Former two-time World Cup-winner Yuvraj Singh has had his share of doubts over the current Indian team for a while now. From the players to the coaching panel, the 38-year-old has made some debatable comments on them. Yuvraj Singh’s statements on India’s batting Vikram Rathour’s lack of international experience provoked Gautam Gambhir to respond.
Yuvraj Singh felt that to become a successful coach; one has to have played a considerable amount of cricket at the highest level. The cricketer-turned-politician Gambhir believed the complete opposite, acknowledging that one doesn’t need to have substantial international experience to become a good coach.
Former India batting coach Sanjay Bangar backed Gambhir’s views, explaining that a top-notch international cricketer may not comprehend the struggles of an upcoming player. At the same time, he believed that a coach needs all over again, which means to leave their past behind.
Mike Hesson reveals his detailed opinion on Yuvraj Singh’s statements:
Mike Hesson, who is one of the successful coaches and served as the coach of New Zealand for six years, provided his detailed insights. The Kiwi is one of the most sought after coaches in the world today and is currently the director of cricket operations for the Royal Challengers Bangalore.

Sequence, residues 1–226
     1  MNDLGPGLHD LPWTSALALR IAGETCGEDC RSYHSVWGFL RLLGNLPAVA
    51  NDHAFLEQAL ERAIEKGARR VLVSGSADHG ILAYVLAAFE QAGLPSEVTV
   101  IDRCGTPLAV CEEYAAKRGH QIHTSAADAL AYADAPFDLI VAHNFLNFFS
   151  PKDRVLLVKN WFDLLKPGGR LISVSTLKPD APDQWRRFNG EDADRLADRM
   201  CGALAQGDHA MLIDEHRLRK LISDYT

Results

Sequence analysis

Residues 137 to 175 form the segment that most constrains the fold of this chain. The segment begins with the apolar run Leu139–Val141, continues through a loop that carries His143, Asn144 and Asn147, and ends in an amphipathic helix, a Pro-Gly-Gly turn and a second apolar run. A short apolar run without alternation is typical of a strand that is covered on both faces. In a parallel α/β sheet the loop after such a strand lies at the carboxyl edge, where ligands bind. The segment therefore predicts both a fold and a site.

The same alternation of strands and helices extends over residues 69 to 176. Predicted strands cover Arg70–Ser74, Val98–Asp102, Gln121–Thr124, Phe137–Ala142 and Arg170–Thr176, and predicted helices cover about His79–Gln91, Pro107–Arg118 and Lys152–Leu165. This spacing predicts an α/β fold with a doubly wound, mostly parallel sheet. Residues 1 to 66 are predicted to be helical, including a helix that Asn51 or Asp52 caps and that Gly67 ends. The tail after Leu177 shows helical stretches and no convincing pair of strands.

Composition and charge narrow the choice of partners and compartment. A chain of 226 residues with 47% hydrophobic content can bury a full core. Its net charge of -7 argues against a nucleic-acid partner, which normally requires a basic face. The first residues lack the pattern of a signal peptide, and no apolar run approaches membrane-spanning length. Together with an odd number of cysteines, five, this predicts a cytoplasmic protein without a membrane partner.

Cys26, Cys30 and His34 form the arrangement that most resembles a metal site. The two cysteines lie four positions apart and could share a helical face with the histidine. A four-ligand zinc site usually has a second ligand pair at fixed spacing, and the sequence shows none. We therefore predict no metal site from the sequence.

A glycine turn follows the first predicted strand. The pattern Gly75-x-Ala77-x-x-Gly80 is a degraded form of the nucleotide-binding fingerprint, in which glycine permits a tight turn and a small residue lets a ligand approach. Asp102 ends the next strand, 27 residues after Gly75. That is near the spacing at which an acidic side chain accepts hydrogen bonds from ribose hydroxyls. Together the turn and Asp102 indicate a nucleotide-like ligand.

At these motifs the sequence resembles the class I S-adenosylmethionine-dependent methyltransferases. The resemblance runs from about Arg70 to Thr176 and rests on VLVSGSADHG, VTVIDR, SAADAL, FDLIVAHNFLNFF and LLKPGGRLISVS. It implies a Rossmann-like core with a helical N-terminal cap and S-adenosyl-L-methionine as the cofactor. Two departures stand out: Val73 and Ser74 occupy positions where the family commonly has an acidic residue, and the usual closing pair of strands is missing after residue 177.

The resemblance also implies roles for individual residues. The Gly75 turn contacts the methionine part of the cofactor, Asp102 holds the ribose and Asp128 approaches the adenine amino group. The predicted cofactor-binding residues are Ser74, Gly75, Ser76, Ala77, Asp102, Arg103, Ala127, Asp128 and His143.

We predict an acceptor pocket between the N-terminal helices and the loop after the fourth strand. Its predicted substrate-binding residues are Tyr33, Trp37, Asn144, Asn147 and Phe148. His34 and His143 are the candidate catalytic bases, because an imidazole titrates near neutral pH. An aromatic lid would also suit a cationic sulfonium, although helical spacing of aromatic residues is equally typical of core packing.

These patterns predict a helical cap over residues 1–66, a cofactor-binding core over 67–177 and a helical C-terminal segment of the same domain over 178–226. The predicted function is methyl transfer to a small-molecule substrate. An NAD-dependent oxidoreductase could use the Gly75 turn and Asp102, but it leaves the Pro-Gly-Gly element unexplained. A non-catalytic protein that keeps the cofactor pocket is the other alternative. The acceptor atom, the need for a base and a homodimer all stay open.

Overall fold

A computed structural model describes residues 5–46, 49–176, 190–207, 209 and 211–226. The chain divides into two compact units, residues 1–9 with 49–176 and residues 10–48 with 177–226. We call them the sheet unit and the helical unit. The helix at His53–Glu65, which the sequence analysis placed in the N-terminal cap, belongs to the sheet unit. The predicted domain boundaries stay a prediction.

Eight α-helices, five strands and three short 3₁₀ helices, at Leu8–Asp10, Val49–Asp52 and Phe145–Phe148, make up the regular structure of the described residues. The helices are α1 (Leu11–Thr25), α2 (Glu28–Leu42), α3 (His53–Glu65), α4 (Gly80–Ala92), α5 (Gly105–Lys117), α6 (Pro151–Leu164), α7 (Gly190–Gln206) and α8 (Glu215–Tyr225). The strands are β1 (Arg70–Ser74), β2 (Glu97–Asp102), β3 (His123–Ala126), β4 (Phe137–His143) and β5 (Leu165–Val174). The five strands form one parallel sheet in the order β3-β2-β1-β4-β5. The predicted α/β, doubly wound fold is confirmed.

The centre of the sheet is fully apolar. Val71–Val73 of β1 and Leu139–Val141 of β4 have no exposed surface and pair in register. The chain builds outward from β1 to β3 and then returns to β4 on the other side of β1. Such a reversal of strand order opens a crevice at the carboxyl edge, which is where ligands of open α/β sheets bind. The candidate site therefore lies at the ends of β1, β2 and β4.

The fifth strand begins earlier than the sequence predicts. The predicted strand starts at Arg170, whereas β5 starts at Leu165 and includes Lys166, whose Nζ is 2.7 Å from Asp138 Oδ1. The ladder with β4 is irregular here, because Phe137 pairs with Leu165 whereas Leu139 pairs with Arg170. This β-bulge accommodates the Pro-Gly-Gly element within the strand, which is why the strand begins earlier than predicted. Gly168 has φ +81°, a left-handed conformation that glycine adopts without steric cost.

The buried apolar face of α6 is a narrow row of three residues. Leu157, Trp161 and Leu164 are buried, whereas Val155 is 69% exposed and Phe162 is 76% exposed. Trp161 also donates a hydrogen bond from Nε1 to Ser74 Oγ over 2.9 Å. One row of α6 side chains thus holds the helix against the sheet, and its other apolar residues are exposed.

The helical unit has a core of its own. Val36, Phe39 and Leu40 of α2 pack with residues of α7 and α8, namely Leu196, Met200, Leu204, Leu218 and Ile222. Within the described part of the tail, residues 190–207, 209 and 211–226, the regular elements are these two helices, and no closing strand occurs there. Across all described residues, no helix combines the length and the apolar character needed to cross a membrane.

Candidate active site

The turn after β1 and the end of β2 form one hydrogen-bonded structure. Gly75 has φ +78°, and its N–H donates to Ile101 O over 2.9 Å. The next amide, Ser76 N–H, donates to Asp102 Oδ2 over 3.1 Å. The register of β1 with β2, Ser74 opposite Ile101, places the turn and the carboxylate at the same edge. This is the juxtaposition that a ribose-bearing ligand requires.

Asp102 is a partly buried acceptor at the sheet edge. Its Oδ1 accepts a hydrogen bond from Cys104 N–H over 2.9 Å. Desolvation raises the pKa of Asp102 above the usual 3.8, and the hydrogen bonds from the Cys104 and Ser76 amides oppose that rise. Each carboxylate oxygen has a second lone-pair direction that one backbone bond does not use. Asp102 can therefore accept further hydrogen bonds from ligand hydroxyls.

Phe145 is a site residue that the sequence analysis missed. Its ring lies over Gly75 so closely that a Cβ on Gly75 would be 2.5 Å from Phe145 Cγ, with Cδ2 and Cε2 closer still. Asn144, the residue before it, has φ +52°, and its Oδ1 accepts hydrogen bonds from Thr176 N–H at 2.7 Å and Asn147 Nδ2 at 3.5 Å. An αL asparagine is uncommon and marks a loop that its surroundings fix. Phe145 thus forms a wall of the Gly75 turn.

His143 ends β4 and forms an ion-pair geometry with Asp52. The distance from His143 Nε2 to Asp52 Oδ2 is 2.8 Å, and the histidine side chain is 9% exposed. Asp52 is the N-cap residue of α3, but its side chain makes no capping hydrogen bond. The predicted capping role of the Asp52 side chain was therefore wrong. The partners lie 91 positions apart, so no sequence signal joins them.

Mike Hesson on coaching:
Hesson mentioned that it is all about earning the players’ respect, and that’s when they realize the coach’s importance. The Dunedin-born reckoned that presenting examples of oneself can be helpful, but it is about making the athletes trust their mentor. To conclude, he said that coaches dish out all their personal experiences in the first week of coaching.
“Once the player identifies that you are of use to them as a coach, then you’ve got their respect and for some coaches that takes longer time than others. When you become useful to a player, they actually think that this guy is going to be helpful for me to get the best out of me as a player. It’s not about just telling them stories about what you used to do as a player, but it is about them genuinely thinking that you can help them become a player.
That is pretty much what the role of a coach is. The coaches that are less experienced and come straight from a playing background, they will exhaust all their personal experiences in the first week of coaching.” the 45-year old said as quoted by Times Now.